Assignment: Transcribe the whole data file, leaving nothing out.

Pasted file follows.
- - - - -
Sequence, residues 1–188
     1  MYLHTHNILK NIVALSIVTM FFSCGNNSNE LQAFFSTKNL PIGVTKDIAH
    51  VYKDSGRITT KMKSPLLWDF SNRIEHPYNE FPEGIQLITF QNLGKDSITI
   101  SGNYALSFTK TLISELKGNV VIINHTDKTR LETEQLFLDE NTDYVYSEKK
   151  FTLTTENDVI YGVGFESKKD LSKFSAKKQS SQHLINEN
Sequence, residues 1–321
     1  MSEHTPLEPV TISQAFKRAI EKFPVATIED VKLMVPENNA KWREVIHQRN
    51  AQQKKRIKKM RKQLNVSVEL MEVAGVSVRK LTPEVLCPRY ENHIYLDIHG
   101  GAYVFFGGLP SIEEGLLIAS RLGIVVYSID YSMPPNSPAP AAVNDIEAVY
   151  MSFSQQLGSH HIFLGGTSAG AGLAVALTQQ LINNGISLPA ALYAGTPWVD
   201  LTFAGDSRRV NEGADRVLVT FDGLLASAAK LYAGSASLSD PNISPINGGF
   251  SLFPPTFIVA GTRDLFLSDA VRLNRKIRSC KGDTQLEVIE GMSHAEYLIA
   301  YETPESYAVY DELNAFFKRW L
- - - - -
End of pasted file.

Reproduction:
Sequence, residues 1–188
     1  MYLHTHNILK NIVALSIVTM FFSCGNNSNE LQAFFSTKNL PIGVTKDIAH
    51  VYKDSGRITT KMKSPLLWDF SNRIEHPYNE FPEGIQLITF QNLGKDSITI
   101  SGNYALSFTK TLISELKGNV VIINHTDKTR LETEQLFLDE NTDYVYSEKK
   151  FTLTTENDVI YGVGFESKKD LSKFSAKKQS SQHLINEN
Sequence, residues 1–321
     1  MSEHTPLEPV TISQAFKRAI EKFPVATIED VKLMVPENNA KWREVIHQRN
    51  AQQKKRIKKM RKQLNVSVEL MEVAGVSVRK LTPEVLCPRY ENHIYLDIHG
   101  GAYVFFGGLP SIEEGLLIAS RLGIVVYSID YSMPPNSPAP AAVNDIEAVY
   151  MSFSQQLGSH HIFLGGTSAG AGLAVALTQQ LINNGISLPA ALYAGTPWVD
   201  LTFAGDSRRV NEGADRVLVT FDGLLASAAK LYAGSASLSD PNISPINGGF
   251  SLFPPTFIVA GTRDLFLSDA VRLNRKIRSC KGDTQLEVIE GMSHAEYLIA
   301  YETPESYAVY DELNAFFKRW L